Thursday, March 3, 2011

Response to Comments and Voltaire

Since there were several comments on my previous post, I decided to address them here.  I think what the WBC does is like shouting fire in a crowded theater.  But yes, Voltaires (Bob, Beth, DTGuy) you are right - what we do here is defend the right to say it even if we abhor it.  I'm just afraid of repercussions from it.

They came here to my hometown to "protest" the funeral of a soldier, but motorcycle groups (local and other) dissuaded them.  They went away.  Maybe it can be like the KKK rallies held in Pulaski, TN, where the revival of it originated.  Businesses closed, people stayed away, and the town closed down.  I haven't heard anything about it for a long time.  Maybe they quit.  The citizens of Pulaski hate that part of their history and tried to stop them from having that parade, but the ACLU said they had the right to peacefully assemble, so they finally decided to ignore them.  Maybe Hells Angels, etc., will continue to block these hatemongers.

I was up in arms, downtown guy, when I first heard about them and blogged about it, but I don't exactly have a wide audience or any influence.  So yes, I was disgusted and irate and sick that they picketed funerals of gay people.  There were counter-protests then, too.  This soldier's father is the first who filed suit against them that made it to the Supreme Court. 

Oh no, Froggy, about your student.  That's horrible and scary!  It's not paranoid these days to protect yourself.  Glad you did it.  Teachers don't have the "right" to say or do much of anything any more.  That teacher should have been allowed to say whatever she wanted to on a restricted blog, Mrs. Miss A.  I feel freer to say what I think on here now that I'm retired but am still careful just in case and have worried about posting those answers I might delete.  I'd like to keep that job.


 Last Words Of: Voltaire, philosopher

This one requires a little context. Voltaire was a famous essayist, deist and apparently smartass.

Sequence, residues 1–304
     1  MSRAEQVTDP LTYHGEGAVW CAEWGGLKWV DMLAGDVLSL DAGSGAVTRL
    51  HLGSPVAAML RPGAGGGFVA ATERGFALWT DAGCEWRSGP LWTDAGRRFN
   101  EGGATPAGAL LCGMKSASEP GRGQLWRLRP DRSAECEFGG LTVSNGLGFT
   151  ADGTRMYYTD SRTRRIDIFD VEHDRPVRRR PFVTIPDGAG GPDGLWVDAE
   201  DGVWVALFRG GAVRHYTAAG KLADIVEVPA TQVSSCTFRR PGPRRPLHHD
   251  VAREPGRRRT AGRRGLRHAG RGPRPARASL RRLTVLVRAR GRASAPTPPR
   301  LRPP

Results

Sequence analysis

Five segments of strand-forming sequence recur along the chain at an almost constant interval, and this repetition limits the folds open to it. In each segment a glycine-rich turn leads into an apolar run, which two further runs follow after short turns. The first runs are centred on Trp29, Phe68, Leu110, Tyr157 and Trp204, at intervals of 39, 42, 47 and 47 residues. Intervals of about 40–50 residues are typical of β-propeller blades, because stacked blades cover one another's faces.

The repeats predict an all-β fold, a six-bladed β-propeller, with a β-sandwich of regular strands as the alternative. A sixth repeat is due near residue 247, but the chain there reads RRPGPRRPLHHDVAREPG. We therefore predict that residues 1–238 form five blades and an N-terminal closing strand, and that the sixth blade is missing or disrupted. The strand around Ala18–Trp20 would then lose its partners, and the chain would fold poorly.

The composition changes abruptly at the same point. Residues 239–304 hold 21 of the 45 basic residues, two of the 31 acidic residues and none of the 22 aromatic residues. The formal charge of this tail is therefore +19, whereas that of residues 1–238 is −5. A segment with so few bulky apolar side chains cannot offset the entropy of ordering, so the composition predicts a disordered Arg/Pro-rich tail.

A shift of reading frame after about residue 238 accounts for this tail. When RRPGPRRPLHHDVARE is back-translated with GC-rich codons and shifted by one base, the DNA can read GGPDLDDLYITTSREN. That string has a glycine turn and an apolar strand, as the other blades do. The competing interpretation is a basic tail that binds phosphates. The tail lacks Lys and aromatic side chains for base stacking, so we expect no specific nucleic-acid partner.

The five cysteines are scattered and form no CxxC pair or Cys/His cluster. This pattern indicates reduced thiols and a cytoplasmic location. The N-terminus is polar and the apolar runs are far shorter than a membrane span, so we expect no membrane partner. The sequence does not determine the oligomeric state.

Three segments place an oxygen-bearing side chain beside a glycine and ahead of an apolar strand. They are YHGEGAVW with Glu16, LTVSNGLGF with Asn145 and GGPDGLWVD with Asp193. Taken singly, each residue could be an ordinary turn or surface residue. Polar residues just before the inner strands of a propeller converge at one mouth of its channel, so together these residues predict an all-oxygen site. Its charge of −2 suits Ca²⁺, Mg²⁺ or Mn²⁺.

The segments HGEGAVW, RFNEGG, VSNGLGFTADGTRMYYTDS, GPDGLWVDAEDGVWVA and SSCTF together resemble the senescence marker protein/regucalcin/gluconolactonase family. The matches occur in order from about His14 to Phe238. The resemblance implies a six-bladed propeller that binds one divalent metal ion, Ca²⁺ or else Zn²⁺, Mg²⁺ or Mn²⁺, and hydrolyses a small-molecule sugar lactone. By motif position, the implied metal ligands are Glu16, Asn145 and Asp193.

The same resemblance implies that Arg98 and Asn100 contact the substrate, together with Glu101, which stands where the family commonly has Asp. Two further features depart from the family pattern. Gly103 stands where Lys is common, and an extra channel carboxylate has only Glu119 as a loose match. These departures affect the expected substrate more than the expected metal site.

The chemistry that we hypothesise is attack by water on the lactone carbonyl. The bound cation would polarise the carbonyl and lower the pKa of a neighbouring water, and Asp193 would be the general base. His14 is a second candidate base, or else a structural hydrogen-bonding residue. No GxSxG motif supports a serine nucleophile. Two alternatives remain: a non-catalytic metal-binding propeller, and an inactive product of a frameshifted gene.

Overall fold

So who is the "enemy" he's talking about in the above quote? It was his response to a priest at the side of his deathbed, asking Voltaire to use the precious few moments left to renounce Satan.

6 comments:

froggy said...

LOLOLOL!
Loves the quote!

mrs. miss alaineus said...

when free speech is used to become confrontational, to me, it also crosses the 'fire in the movie theater line'. if the kkk marches they are marching to march- they are not burning a cross on someone's lawn. the first is an acceptable exercise of free speech because they have the right to peacefully assemble whether we like the message or not. when they target someone specifically when putting a cross on a lawn, etc- that to me becomes a hate crime, and i see the actions of the wbc the same way because they are specifically targeting a person or persons and then being confrontational about it. now if they were marching down main street in some form of assemblage- that would be, and should be, their constitutionally protected right and choice.

stuff like this was what made me NOT want to be a lawyer.


ps- i did some small edits after that blog thing in PA blew up too.


xxalainaxx

Joy said...

Amen, MMA!! Total agreement!

Joy said...

I edited that post, just in case!

Sam said...

Love you and your thoughts, blogs, and edits.

Chris said...

A local High School performed "The Laramie Project" a few months ago and the WBC came to cause a stir. At my church, we did an open mic night and coffee house in support of The Trevor Project and fortunately, the WBC didn't find that - I hate the WBC so much that I can't help but wish a painful and horrible death to each of them and their supporters.